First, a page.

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Blood & Bonds
Author: Scarlett Grey





The wolf I’m going to marry is Megan Chamberly.


It couldn’t be true.

I took a step back, then another, until my back hit the wall behind me. One of the paintings over my left shoulder shuddered, but I barely noticed. If it fell to my feet, I wouldn’t have cared. I couldn’t look away from my father. I thought he must be joking. He might not have a sense of humor, but certainly this was some sort of jest.

“You’re being dramatic,” he stated, glancing to the side with clear annoyance at my reaction.

“You just said you’re marrying Megan Chamberly, who’s been awful to me the last two years,” I replied, my shoulders hunching forward. “How would you like for me to reply?”

“With dignity.” He sneered. “This is exactly why I’m questioning the validity of your inheritance. You should know I have a duty I must adhere to, and I will not deign to marry a human to appease some trifling law. The pack must always come first.”

“You could have chosen any wolf,” I pointed out. I forced myself to stand up straight, forced myself to be honest with him, even if it was difficult for me to talk back to my father since I never had before. “Any wolf would have fulfilled the requirements of your duty. But you chose my only friend. Why?”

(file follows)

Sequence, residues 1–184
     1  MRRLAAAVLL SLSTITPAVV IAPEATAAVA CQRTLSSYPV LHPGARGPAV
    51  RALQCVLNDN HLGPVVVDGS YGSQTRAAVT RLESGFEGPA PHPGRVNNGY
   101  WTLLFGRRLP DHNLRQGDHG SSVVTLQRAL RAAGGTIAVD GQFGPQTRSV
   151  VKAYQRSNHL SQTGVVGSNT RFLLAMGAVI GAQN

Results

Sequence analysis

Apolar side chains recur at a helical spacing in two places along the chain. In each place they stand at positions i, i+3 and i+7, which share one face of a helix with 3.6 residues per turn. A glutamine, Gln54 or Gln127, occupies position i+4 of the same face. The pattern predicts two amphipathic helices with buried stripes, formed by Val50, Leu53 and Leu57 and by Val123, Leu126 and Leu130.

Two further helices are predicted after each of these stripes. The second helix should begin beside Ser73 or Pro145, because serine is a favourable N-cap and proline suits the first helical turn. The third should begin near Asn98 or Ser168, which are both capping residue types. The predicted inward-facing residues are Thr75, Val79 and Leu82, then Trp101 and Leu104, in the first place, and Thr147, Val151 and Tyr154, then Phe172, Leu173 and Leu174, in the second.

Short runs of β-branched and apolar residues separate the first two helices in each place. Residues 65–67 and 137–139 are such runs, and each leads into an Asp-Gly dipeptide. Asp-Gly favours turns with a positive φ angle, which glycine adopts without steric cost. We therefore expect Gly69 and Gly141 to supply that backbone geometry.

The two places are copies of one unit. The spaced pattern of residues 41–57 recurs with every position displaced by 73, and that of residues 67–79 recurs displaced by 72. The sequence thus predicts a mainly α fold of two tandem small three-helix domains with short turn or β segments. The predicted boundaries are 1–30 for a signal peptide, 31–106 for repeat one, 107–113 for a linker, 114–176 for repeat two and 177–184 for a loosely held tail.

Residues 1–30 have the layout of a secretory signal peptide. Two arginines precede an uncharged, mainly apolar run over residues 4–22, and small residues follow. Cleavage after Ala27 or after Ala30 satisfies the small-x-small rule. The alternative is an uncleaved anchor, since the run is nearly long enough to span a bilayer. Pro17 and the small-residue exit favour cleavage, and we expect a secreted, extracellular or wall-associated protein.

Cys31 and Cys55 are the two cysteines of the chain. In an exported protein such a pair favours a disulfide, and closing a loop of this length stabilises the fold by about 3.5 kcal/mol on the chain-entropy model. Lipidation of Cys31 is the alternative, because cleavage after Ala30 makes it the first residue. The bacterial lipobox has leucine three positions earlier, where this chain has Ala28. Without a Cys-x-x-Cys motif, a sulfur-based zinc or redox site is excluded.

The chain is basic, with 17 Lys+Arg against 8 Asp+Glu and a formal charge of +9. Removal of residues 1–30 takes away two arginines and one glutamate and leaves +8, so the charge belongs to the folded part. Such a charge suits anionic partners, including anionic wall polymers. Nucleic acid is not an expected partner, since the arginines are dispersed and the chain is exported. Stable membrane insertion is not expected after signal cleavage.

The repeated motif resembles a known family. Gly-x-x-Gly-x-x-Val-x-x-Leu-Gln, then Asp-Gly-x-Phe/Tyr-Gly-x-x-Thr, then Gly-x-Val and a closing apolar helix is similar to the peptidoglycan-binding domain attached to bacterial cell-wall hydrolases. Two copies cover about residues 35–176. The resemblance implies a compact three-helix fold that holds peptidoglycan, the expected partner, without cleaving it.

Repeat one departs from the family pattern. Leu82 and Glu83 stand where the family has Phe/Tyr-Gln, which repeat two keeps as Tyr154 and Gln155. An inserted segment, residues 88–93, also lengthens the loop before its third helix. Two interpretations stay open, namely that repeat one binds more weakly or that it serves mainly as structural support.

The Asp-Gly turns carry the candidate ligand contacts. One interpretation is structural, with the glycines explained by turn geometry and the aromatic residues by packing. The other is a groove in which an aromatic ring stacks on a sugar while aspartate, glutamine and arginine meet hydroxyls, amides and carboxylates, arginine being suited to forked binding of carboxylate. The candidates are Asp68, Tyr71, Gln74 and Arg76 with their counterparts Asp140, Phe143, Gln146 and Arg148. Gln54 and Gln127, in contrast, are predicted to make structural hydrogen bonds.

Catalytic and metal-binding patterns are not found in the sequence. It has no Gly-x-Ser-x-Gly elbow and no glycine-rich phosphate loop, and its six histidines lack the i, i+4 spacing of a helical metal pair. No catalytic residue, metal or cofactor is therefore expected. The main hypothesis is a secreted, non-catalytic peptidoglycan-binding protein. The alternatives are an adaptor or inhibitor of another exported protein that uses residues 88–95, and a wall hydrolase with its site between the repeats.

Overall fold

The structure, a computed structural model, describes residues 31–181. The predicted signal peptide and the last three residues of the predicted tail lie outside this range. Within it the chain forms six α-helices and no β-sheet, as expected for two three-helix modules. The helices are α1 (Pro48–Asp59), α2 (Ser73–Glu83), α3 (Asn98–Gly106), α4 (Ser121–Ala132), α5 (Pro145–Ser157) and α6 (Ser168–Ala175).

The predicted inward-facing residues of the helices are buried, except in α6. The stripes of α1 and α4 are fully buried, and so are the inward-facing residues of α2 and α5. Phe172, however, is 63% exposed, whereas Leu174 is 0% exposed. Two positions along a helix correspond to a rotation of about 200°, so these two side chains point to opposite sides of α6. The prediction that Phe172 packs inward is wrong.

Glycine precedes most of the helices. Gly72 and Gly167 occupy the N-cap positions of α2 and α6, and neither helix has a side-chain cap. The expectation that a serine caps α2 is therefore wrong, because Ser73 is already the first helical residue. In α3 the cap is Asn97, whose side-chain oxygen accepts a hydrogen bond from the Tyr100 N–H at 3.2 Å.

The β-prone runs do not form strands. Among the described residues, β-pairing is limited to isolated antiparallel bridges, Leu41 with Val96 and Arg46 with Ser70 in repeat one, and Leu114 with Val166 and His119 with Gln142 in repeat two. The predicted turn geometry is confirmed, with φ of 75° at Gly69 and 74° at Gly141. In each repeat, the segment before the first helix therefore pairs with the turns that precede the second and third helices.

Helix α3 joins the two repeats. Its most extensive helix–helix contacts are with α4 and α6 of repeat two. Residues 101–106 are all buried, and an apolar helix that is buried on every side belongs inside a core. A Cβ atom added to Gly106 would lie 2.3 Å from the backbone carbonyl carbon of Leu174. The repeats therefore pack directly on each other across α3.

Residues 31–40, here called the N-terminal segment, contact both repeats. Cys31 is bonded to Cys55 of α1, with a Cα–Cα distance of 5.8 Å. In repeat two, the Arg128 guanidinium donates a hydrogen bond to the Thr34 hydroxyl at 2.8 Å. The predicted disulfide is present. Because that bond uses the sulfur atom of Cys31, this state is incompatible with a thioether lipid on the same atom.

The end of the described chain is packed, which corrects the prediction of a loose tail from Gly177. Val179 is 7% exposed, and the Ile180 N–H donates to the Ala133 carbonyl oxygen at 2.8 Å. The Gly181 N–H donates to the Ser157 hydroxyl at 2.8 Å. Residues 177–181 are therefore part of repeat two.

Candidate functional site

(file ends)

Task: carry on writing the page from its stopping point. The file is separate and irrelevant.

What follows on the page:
My father took a step forward. “I don’t have to explain myself to you,” he snapped.

“How is she supposed to help you and the pack?” I asked, taking a step forward. I had no idea where this boldness was coming from, no idea where I got the nerve to question my father about anything he did, because he was right – he didn’t have to explain himself to me. “It’s not like she comes from a neighboring pack you want to form an alliance with in order to protect the pack. This is because you want her. You’re looking out for yourself before anyone else.”

Without warning, he reached out and slapped me across the face. I froze. The sting of the slap didn’t even register in my mind. It wasn’t the pain, but the sound itself. A quick snap. My father had never done such a thing to me before in my entire life, and now, after this, he was willing to do it because of Chamberly? This didn’t make any sense.

I looked at him for some kind of explanation, something that would make me understand…but, if anything, his face hardened and his sneer only grew more and more prominent.